To be certain, there is a sense that argument must be regarded as a cooperative enterprise in that it is a means for inquiry, but argument is also a form of verbal self-defense against those who would wish to bend us to their wills. With argument, we have a rule-bound domain wherein we can work out those differences. We acknowledge being bound by those norms, and that is the background cooperative condition. In fact, the cooperative principle of interpreting gestures of response as argumentative in these conditions is a consequence of this cooperative background – we’ve agreed to solve the issue with arguments, so we interpret the things others say in this context as in the service of that end. But the manner of interpreting these contributions is that of in the form of adversaries, not collaborators once we see take on this frame of interpretation.  How else to interpret an interlocutor’s bald statement of facts relevant to the case but as further considerations? Moreover, notice that the fact the cooperative requirements for argument can require critics of oppression to work with their oppressors to think up better reasons to justify themselves. Any conception of argument that makes the oppositional force of dissent out of bounds is one that is insufficient for a social world in need of critique.

Next consider what the adversarial model of war and sport metaphors positively contribute to our understanding of argumentation. They allow us to articulate what is brave about particular acts of argument. Consider the person who encourages criticism of her views, going out of the way to elicit and perhaps even improve upon objections. She suffers the slings and arrows, perhaps she even seeks them out. Or consider someone who bucks trends and challenges sacred assumptions and thereby risks not only intellectual goods but social standing, too. Or maybe there is someone just curious about what is wrong with some view that others act as though is obviously wrong, and she tries to get to the bottom of it? She risks being dunked on by her critics, but it seems appropriate to praise these intellectual tendencies. They exhibit a kind of courage, and it’s hard to capture what’s brave about them without availing ourselves of the vocabulary of opposition and conflict that is made vivid by the metaphors of war and sport.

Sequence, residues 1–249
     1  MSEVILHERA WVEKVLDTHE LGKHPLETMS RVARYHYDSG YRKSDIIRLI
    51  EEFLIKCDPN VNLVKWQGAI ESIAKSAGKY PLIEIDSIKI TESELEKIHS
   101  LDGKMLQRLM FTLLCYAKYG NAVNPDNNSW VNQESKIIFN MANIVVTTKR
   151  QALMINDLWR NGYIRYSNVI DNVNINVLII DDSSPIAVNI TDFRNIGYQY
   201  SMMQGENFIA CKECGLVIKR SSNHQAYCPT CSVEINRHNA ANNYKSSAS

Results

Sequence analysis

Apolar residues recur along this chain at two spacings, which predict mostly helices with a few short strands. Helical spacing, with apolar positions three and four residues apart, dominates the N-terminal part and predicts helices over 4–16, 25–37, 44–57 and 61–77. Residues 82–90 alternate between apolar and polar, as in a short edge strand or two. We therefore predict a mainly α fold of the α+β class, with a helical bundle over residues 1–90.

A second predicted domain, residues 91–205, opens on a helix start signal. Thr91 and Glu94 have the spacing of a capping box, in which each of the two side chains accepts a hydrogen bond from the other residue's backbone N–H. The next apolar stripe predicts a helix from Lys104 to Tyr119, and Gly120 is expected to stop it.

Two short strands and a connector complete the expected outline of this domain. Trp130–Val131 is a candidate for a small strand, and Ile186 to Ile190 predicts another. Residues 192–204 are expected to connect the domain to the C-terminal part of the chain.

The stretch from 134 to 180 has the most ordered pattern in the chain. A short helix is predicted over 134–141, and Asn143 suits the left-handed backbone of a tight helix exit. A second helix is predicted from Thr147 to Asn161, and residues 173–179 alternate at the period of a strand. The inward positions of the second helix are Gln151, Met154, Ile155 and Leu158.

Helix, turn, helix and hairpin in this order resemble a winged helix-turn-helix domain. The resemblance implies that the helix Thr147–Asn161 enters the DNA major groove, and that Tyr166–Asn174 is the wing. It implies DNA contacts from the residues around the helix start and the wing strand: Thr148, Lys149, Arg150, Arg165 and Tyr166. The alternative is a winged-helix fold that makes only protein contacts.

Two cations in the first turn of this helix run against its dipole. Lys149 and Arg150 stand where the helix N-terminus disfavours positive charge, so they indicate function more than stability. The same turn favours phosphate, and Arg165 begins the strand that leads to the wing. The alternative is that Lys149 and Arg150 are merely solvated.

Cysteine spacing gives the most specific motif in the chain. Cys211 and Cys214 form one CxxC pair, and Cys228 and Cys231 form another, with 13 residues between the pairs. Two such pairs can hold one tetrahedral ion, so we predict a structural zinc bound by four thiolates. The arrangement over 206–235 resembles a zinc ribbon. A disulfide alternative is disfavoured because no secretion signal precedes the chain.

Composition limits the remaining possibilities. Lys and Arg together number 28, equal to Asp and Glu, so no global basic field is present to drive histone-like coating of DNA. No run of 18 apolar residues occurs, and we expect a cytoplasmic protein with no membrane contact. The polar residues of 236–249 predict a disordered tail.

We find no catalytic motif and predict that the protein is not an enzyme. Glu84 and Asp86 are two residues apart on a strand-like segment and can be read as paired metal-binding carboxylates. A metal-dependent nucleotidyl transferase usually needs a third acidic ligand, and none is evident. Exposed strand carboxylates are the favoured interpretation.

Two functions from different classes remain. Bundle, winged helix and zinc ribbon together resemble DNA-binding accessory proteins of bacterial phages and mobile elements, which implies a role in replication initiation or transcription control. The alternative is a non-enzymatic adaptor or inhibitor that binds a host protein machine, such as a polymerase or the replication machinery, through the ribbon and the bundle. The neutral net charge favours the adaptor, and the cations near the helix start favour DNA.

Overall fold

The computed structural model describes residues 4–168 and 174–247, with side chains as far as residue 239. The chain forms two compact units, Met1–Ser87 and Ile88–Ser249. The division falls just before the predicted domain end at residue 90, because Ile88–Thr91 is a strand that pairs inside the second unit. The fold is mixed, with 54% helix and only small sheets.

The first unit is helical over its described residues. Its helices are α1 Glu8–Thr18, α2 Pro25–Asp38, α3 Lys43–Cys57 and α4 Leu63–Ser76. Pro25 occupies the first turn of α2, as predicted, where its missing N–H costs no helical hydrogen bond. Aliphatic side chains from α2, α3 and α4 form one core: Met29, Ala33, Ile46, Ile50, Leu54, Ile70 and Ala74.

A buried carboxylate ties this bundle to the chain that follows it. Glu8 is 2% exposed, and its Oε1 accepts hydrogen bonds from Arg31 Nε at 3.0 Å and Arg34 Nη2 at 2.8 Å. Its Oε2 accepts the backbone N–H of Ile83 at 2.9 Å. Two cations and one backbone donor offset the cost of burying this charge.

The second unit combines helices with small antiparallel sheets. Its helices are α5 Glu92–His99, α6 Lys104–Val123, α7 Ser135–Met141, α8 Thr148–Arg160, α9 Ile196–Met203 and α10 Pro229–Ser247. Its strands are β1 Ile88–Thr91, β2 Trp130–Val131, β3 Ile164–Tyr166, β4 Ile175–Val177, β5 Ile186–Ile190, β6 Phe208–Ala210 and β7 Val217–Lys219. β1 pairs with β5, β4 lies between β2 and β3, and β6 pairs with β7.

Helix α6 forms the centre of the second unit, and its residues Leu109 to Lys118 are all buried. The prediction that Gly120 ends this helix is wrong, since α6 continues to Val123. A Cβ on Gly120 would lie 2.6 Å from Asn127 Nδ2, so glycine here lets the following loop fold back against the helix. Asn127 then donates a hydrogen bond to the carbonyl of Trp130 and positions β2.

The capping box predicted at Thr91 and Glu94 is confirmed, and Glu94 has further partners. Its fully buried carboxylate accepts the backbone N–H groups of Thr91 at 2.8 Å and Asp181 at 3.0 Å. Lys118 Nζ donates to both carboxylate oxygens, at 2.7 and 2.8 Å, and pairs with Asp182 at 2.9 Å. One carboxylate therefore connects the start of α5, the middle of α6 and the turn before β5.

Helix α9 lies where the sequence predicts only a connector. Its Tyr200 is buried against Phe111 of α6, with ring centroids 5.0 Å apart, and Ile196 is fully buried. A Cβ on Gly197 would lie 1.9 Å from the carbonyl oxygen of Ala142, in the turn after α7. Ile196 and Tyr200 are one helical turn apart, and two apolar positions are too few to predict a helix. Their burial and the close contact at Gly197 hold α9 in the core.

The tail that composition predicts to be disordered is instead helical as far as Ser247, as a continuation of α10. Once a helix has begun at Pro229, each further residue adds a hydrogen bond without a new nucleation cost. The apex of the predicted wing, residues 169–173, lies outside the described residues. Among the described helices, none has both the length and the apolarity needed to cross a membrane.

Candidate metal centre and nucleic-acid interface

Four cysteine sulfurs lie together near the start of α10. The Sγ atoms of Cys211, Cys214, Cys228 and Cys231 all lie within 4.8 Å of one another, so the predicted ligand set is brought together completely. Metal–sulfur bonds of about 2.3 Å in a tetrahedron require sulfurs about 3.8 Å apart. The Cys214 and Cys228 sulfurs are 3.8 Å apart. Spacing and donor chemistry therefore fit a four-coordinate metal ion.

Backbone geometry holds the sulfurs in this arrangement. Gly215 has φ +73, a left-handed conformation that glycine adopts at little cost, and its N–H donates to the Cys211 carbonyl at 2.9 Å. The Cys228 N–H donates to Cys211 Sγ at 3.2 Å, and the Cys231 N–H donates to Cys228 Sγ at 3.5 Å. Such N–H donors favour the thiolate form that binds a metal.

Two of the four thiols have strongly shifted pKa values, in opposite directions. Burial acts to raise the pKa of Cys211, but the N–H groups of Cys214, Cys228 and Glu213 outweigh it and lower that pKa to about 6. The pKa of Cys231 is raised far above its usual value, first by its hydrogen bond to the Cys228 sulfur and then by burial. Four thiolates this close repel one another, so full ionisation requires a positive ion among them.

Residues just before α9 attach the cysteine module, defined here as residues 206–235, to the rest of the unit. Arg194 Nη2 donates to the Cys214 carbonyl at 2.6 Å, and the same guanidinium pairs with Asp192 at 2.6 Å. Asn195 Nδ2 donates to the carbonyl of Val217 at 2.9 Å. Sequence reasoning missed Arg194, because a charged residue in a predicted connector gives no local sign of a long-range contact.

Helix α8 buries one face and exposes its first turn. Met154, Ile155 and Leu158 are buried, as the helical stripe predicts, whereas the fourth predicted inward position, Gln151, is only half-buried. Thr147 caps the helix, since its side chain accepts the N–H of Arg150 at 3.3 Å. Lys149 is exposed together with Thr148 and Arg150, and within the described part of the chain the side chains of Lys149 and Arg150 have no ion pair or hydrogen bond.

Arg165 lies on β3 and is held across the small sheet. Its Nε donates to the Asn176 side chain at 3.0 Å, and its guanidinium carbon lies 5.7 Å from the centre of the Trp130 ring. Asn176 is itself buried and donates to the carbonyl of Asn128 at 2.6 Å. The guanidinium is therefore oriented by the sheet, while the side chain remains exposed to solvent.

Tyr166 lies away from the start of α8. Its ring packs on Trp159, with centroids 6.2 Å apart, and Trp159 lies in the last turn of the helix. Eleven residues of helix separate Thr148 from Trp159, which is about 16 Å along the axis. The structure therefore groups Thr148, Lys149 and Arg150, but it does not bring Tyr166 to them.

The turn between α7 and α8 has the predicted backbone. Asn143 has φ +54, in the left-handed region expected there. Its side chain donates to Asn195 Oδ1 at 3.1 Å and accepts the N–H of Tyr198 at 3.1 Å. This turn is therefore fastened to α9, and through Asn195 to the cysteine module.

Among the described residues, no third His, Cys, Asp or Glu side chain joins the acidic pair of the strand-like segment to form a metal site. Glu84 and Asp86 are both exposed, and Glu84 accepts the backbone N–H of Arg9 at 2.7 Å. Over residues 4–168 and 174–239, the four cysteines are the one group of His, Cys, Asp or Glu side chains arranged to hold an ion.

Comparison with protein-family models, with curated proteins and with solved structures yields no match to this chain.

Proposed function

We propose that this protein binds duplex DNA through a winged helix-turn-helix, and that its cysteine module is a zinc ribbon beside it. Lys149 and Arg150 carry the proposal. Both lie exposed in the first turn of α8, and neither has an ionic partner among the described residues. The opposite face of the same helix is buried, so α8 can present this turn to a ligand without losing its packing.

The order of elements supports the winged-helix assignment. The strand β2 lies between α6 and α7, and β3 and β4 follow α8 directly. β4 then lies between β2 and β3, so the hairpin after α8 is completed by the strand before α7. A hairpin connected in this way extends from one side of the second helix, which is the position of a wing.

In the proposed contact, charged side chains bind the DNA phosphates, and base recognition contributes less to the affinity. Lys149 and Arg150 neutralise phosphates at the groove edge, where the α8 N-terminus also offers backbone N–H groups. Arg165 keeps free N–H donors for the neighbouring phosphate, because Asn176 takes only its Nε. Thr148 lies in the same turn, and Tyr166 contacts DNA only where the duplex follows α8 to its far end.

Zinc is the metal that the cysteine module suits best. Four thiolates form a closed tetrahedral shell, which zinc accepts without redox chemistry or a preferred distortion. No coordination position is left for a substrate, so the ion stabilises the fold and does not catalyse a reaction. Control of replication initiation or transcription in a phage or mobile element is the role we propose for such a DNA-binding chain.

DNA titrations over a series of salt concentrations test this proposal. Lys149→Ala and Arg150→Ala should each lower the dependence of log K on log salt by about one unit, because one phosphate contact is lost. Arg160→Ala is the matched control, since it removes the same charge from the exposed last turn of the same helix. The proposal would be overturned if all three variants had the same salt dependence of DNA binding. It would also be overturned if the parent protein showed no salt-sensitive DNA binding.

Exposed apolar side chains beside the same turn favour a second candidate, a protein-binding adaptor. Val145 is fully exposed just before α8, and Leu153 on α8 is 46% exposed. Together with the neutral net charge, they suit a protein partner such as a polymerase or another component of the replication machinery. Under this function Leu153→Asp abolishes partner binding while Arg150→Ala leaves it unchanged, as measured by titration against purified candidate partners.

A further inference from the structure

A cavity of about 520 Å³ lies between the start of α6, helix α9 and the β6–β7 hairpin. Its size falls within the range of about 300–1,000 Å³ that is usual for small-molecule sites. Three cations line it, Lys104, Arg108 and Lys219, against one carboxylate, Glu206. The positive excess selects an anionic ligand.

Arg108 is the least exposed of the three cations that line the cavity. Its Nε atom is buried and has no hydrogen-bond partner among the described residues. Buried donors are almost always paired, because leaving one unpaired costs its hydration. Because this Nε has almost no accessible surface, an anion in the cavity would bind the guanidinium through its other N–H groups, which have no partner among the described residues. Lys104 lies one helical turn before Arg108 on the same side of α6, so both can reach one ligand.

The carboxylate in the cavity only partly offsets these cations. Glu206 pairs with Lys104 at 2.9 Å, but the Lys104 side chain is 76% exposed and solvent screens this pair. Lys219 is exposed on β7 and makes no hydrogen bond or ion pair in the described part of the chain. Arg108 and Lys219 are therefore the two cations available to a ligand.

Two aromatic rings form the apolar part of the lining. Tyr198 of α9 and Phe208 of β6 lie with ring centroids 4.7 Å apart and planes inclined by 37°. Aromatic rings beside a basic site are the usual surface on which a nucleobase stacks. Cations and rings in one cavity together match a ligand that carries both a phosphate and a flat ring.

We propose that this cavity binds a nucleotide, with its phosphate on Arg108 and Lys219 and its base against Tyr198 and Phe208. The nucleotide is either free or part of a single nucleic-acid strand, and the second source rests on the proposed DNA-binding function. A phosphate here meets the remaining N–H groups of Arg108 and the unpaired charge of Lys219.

The broader lesson is explored in our new book, Political Argument in a Polarized Age. It is common to regard the frustrating, disappointing, and uneasy aspects of social life as regrettable breakdowns of decency. Particularly in the case of politics, it’s easy to attribute bad collective decisions and awful outcomes to failures in the democratic process. To be sure, just as there are abuses of the warring and sporting elements of argument, there are real political dysfunctions that have their source in breakdowns of democracy, too. However, it is easy to infer from the fact that democratic failures produce political dysfunction that every such dysfunction is the product of a deviation from proper democracy. From there, it is tempting to conclude that were democracy more fully realized, policy failures and other common dysfunctions would disappear. However, democracy and argumentation are alike in being an uneasy and perpetually fragile mixture of cooperation, conflict, support, and opposition. They are both works in progress, but the work itself is not only never completed, its completion would nonetheless leave us with a range of frustrations and obstacles to be managed.